(2020). Family income and young children’s development. The Future of Children, 30(2), 191-211.
Is income during children’s earliest years a key determinant of long-term child and adult success in the long run? The research to date, Christopher Wimer and Sharon Wolf write, suggests that it is. Wimer and Wolf review substantial descriptive evidence that income can enhance child development and later adult outcomes, and that it does so most strongly during children’s earliest years.
Next, they wrestle with the question of whether this relationship is causal. After outlining the challenges in identifying such causal relationships, they describe a number of studies that purport to overcome these challenges through quasi- or natural experiments. Among other topics, the authors examine how family income affects the outcomes of young children compared to those of older children, and how its effects vary among poor, low-income, and higher-income families. They also look at the evidence around other dimensions of income, including nonlinear relationships between income and key outcomes, instability in income versus the absolute level of income, and various forms of income, and they review the evidence for impacts of in-kind or near-cash income supports.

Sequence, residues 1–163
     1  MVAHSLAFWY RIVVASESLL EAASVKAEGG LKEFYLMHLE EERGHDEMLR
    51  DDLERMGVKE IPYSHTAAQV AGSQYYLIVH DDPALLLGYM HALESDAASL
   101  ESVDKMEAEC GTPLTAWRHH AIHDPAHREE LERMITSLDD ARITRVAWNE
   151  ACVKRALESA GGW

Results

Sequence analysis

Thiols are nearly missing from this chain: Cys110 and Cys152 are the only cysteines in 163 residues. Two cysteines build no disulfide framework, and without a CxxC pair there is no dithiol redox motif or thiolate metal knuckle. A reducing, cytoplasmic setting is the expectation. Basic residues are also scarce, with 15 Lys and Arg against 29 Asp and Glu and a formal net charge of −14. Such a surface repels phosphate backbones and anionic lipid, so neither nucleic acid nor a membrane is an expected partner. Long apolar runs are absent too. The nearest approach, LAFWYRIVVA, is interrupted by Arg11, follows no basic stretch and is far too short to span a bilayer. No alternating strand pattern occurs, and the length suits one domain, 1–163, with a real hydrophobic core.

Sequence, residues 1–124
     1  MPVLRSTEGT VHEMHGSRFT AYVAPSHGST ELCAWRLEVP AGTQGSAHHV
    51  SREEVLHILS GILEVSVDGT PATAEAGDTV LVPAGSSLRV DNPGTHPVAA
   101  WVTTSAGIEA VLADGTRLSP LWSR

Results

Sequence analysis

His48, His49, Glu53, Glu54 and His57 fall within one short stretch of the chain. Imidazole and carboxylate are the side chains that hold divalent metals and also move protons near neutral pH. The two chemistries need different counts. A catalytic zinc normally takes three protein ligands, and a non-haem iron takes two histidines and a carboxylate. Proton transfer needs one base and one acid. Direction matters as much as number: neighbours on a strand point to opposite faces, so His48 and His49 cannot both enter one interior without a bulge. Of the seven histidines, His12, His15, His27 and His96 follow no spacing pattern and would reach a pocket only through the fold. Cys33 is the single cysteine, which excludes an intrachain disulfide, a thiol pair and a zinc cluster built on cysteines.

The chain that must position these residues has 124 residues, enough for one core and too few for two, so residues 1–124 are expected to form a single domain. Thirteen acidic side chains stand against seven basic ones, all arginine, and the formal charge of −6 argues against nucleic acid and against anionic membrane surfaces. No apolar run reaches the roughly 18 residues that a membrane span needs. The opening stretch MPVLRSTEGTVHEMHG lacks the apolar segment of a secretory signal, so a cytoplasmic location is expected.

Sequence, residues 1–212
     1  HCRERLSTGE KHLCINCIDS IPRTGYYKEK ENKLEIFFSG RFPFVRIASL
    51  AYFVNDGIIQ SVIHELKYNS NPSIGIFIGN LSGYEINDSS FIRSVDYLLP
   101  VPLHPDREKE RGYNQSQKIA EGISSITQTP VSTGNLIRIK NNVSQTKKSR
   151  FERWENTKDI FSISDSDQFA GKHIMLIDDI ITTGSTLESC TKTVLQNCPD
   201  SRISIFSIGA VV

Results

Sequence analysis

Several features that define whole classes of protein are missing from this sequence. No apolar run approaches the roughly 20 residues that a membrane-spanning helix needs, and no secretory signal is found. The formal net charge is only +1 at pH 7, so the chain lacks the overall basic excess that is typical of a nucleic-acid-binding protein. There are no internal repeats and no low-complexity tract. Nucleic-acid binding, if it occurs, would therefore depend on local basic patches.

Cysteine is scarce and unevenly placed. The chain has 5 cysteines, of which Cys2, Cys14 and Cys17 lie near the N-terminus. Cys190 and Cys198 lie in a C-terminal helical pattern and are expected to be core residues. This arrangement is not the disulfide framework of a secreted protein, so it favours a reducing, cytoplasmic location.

Finally, Wimer and Wolf highlight some recently launched studies that will shed further light on the relationship between income and development in children’s earliest years, and they suggest how policy might better provide income support to low-income families and their children.